5 of Adrienne Sichel’s top Dance Umbrella festival picks

2017-02-19 06:01
 

Johannesburg - We asked the grande dame of contemporary dance writing, Adrienne Sichel, to help us with the Dance Umbrella 2017 programme.

Here’s what she wrote: "For close to 30 years, Dance Umbrella has been all about the familiar, the unfamiliar and, above all, about discovery.

"The 2017 edition is no exception. Artistic director Georgina Thomson’s tightly curated programming offers a diverse range of contemporary dance theatre forms, expressions and perspectives that draw on a variety of techniques and aesthetics.

“One way to navigate this line-up presented at the Wits Theatre [where the Dance Umbrella originated], the Workers’ Museum in Newtown and the National School of the Arts sports field, also in Braamfontein, is by theme.”

1) Gritty cross-continental and regional collaborations:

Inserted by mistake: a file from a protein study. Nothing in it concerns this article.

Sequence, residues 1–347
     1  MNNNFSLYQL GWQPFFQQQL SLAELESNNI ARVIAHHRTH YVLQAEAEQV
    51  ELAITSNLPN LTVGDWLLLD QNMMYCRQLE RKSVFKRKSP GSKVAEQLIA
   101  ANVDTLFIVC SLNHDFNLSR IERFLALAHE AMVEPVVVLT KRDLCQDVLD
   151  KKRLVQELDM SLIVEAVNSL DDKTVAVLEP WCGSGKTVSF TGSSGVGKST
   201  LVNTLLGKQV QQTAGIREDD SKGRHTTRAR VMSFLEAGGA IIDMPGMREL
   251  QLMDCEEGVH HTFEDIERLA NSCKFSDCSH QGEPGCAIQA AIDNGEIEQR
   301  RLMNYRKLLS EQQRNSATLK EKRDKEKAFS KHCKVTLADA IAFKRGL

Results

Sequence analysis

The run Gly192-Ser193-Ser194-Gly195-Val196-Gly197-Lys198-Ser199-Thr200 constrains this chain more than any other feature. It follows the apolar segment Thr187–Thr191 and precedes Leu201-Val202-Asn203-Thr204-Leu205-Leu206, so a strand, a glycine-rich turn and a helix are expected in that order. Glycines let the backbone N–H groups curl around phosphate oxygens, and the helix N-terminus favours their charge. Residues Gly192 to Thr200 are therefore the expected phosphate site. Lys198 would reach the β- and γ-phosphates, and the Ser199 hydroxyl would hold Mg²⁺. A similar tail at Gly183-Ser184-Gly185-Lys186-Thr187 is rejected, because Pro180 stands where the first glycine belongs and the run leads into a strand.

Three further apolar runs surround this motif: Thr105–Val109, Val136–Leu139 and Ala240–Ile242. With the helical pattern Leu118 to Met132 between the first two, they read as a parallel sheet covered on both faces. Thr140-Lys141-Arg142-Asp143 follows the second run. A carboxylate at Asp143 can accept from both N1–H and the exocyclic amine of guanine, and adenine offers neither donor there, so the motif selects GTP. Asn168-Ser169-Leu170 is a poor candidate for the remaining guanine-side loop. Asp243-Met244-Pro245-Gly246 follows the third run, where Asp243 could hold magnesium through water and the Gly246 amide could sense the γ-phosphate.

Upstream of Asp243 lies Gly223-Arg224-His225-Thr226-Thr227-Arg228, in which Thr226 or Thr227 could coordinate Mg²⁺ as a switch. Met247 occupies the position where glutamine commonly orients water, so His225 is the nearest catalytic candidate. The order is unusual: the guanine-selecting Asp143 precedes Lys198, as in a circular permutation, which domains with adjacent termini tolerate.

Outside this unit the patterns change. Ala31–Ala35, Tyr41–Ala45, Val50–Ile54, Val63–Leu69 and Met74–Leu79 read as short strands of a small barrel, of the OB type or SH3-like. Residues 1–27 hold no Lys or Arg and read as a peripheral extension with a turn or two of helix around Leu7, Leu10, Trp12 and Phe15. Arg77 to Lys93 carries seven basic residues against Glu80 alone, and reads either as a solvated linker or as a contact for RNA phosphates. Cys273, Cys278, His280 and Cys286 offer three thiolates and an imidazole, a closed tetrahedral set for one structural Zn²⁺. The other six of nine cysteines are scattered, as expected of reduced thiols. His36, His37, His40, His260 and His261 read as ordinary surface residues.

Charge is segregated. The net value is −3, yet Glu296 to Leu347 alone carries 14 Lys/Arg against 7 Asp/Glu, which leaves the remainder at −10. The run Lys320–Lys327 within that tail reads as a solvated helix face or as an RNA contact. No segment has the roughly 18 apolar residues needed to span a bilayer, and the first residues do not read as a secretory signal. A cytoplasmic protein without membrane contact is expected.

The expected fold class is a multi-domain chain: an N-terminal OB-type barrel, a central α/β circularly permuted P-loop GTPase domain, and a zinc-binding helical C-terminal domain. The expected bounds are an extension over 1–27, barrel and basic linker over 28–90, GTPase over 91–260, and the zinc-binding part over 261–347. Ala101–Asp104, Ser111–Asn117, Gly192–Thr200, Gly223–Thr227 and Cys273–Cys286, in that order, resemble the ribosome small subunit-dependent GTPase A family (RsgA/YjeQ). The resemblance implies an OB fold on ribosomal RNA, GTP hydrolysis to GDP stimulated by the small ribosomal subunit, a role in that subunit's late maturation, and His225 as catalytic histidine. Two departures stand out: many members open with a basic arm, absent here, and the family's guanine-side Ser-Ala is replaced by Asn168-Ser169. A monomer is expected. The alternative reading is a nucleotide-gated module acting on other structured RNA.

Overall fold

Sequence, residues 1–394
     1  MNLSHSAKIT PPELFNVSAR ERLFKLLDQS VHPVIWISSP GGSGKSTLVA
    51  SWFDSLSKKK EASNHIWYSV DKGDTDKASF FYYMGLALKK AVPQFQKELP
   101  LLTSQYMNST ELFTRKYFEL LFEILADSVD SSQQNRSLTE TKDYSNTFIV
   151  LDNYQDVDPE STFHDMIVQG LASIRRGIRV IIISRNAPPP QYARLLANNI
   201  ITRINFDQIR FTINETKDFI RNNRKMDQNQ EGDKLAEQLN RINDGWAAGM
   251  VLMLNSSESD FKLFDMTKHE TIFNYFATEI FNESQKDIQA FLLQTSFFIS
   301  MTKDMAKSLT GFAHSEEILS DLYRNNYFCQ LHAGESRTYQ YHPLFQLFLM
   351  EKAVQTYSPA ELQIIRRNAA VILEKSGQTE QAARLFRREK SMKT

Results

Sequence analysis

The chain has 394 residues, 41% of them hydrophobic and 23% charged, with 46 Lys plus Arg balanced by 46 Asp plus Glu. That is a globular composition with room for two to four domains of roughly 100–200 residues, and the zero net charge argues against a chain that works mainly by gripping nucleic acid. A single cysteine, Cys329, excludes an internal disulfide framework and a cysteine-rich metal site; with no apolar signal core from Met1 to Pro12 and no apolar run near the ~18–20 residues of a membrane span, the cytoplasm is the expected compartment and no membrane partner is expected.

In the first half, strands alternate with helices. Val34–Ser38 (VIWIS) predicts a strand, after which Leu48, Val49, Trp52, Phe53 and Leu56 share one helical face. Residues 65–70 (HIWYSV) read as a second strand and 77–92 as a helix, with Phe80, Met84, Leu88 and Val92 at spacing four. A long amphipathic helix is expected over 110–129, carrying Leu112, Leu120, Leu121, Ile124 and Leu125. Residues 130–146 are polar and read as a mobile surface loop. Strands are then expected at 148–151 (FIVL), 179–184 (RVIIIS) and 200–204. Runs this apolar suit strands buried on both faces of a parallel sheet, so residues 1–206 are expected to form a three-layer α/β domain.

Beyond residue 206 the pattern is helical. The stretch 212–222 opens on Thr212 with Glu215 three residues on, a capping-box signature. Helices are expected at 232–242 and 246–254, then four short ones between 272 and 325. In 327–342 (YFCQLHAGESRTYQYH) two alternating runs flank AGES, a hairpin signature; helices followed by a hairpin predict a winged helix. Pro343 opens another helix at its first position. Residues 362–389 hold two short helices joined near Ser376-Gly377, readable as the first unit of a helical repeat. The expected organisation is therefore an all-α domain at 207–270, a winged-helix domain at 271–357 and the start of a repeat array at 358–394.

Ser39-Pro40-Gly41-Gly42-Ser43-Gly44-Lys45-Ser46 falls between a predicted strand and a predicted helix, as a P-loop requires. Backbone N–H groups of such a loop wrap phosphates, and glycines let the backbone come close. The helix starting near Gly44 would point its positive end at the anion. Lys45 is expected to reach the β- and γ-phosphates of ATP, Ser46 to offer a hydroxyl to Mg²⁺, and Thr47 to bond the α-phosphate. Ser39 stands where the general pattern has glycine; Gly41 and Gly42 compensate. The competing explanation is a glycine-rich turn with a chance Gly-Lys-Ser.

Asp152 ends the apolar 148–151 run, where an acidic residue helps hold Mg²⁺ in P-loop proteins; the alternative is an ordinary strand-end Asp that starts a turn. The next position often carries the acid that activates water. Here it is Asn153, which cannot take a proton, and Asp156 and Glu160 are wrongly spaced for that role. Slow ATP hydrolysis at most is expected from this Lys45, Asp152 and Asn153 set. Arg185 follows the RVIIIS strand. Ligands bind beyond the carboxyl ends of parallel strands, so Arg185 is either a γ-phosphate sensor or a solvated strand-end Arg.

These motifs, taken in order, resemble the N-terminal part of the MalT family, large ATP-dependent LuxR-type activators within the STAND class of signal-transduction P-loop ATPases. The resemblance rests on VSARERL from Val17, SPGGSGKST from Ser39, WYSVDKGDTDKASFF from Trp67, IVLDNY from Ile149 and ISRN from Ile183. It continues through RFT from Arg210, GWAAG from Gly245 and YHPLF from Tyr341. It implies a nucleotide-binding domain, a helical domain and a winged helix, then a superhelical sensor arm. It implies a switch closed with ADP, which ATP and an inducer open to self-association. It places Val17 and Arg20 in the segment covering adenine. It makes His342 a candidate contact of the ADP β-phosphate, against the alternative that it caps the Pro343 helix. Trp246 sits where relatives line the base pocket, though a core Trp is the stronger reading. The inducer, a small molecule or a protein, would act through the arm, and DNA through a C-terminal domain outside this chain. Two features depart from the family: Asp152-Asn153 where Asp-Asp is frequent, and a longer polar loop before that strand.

Top of the list is the playfully pertinent Lady, Lady, co-created and performed by South Africa’s Desiré Davids, Madagascar’s pioneering Gaby Saranouffi and Mozambique’s Edna Jaime; Saranouffi and her life and creative partner Moeketsi Koena link up with French photographer Denis Rion for Corps; JM Coetzee’s classic 1977 novel and Njabulo Ndebele’s 1991 essays Rediscovery of the Ordinary inspire The Forgotten Angle Theatre Collaborative’s Fana Tshabalala and Berlin’s Constanza Macras/Dorky Park for In the Heart of the Country; and Joburg’s daring Kieron Jina joins Marc Philipp Gabriel for Down to Earth, a co-production by Tanzfabrik Berlin and University of Johannesburg Arts & Culture.

2) Site-specific and installation adventures:

The opening work, Nhlanhla Mahlangu’s Worker’s CHANT (Workers’ Museum); South African Rudi van der Merwe and Beatrice Graf’s Trophée.

3) Intriguing new work highlighting evolving choreographic signatures:

Oscar Buthelezi’s Stuck Souls (Moving into Dance Mophatong); and Alan Parker’s award-winning installation solo Detritus for One.

4) Notable companies on the Dance Umbrella radar:

Maritzburg’s ReRouted Dance Theatre Company (Bonwa Mbontsi and Tegan Peacock); and the revived Jazzart Dance Theatre, choreographed by Sifiso Kweyama.

5) Unmissable:

Mamela Nyamza takes aim at religion, political history and gender in her duet De-Apart-Hate.

Read more on:    theatre  |  dance

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